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The Evolution of Job Interviews

the EVOLUTION of JOB INTERVIEWS In The Beginning. Survival was the main goal, so there was no job search. "Jobs" revolved around food, so men hunted while women gathered food. In ancient Egypt, Rome and Greece, craftsman trained apprentices to carry on their work. Professions were passed on from 1700-1800 generation to generation. Apprenticeships were less like internships and more of a binding contract of servitude. "Job openings" were created when tradesmen didn't have children. They passed on their professions to apprentices. Benjamin Franklin served as an indentured apprentice in printing to his older brother. The Industrial Revolution created 1800s: many low-skilled jobs in factories, across American cities. Employment was dependent on performance, with unskilled workers easily replaced. The Birth of the Interview Transportation advances, opening up jobs and interviews to a wider pool of candidates. First U.S. railroad is 1830: completed and continues to boom throughout the country. 1908: Ford Motor Company introduces the Model T. Woodworth's Personal Data Sheet, the first objective personality test, is created to evaluate soldiers in World War I. 1917: The test is imitated in other industries to screen out employees who won't adjust well to the workplace. The focus on adjustment leads to the importance of judging candidates on cultural fit. 1920s: With more college-educated individuals entering the workforce, employers needed a way to evaluate potential hires. 1921: Thomas Edison created a written test to evaluate the knowledge of candidates. The test was leaked and published in the New York Times. Thus, the first job interview is born. Think Google asks bizarre interview questions? Here are some of the obscure questions Edison asked job candidates: Where do we import cork from? How is sulphuric acid made? Who was Hannibal? The Interview Redefined The birth of new technology allows the interview to break out of the traditional face-to-face model: The telephone interview: The Internet: Alexander Graham 1876: Bell invents the first 1969: telephone. The Internet is born but not ready for public use. 1984: The World Wide Web, the Internet we know 1991: Motorola releases the first commercial mobile today, is created. phone. Candidate assessment tests begin to move from an in-person interview strategy to an online screening tool. Internet and video technology evolves and the first public video conference 1995: between the North America and Africa takes place. 2003: Social professional network, Linkedin, was launched, creating a place for job seekers and employers to in 2005: connect. YouTube was born, making it easy for anyone to create and upload videos. You Tube 2006: 2006: Social media sites grew in popularity with the launch of Facebook, followed by Twitter. BlackBerry releases its first consumer-friendly smartphone. f 62% The device is so popular, "crackberry" is named Word of the Year in 2006. of job seekers check employers out on social media. 2015: 64% 43% of U.S. adults own a smartphone. 89% of employers use social sites to research job candidates. of job seekers say they will use their mobile device during their job hunt. 18% of smartphone owners used their devices to submit job applications. Interviewing Today 60% More than 60% of employers use video interviews for remote hiring. 55% of hiring managers 36% of employers reported talent shortages in 2014, increasing the focus on assessment testing and skills-based interviews. value hard skills over personality when hiring. But personality is still an important factor before and during the interview: A study finds that Facebook likes can accurately predict personality traits. Currys, an electronics store based in the U.K., asked job candidates to dance during a job interview to assess their personality and cultural fit. 55% of recruiters reconsidered candidates based on their||I social media presence. Elements of gaming will be used in an estimated 25% of redesigned business processes this year- including interviews. Google infamously asked job candidates to solve brainteasers during the interview process. However, they found the tests did little to predict future performance and good fit for the position. The Future of the Job Interview What's The rise of smart watches will next? enable employers to conduct screening interviews on the go. A pub in Ireland is only accepting job applications through Snapchat. Popular video sharing platforms, like Snapchat, will lead to short-form interviews that will force candidates to sell their skills in 10 seconds or less. The emergence of voice analysis technology will make evaluating candidates much easier. As 3D projection prototypes come to fruition, hologram interviews will go mainstream. Star Wars fans, rejoice! Despite changing technology, the interview will continue to be a central part of the hiring process. Presented by spark Hire Sources search-jobs mobile-glasscoor-state-mobile-job search-survey/ of social-networking/ udy-reveals I|||||||||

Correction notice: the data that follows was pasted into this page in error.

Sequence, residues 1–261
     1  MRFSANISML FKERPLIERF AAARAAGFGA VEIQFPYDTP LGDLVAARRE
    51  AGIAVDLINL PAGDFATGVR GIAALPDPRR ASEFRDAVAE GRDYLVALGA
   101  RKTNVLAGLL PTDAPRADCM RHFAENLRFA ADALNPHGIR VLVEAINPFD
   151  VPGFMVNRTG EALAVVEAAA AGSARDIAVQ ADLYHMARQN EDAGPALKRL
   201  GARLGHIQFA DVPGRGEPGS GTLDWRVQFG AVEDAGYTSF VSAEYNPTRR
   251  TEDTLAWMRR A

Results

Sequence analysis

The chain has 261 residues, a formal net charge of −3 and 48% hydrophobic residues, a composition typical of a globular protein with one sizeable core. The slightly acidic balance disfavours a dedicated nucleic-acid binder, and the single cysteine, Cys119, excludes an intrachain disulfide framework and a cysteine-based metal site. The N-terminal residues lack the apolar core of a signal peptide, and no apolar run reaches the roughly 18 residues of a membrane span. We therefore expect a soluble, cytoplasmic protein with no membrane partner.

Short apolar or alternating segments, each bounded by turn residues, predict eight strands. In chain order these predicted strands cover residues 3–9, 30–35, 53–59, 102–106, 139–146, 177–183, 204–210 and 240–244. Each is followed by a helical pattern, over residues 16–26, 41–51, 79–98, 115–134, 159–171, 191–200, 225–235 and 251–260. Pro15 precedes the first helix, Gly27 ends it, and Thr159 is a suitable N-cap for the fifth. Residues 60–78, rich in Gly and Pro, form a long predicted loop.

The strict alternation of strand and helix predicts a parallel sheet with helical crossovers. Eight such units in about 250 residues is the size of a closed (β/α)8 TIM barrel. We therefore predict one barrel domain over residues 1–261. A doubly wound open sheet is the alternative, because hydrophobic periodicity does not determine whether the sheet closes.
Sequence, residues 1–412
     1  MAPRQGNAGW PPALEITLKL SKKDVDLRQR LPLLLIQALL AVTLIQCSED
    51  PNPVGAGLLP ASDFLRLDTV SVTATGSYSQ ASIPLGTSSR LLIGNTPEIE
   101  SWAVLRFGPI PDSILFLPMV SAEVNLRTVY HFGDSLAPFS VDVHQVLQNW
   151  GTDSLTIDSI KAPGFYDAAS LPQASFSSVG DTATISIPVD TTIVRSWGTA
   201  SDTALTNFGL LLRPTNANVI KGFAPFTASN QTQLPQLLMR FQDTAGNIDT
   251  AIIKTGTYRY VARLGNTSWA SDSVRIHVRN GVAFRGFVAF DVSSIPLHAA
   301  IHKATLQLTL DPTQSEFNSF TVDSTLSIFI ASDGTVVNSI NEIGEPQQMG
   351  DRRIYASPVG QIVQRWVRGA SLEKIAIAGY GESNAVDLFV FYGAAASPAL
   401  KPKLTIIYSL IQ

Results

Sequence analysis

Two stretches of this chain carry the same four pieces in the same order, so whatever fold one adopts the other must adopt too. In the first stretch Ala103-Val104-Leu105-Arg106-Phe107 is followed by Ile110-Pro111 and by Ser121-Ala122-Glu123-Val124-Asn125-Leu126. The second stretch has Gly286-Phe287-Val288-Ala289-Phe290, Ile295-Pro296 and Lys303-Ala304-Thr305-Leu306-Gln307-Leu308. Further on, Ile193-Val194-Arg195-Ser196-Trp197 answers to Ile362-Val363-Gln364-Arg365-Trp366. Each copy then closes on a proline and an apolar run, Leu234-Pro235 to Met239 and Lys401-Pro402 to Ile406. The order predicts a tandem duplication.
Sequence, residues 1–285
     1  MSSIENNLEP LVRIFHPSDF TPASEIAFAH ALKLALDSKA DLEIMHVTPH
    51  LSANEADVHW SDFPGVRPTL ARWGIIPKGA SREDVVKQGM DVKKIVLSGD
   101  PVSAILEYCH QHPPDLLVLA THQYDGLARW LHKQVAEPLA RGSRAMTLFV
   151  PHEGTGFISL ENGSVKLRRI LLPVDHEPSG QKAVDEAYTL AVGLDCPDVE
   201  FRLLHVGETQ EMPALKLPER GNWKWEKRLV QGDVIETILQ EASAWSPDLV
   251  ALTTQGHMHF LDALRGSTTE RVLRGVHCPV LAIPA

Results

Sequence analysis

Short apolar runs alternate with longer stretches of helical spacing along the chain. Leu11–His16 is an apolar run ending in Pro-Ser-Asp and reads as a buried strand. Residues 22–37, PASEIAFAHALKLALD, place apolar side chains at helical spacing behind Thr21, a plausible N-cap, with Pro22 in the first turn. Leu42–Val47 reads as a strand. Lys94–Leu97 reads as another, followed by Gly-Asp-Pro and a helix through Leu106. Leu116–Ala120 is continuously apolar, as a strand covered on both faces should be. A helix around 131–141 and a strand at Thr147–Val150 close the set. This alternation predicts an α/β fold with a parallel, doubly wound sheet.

The Evolution of Job Interviews

shared by comerecommended on Apr 17
This infographic is a timeline of how interviews were born, how they evolved and what is in-store for interviews in the future.


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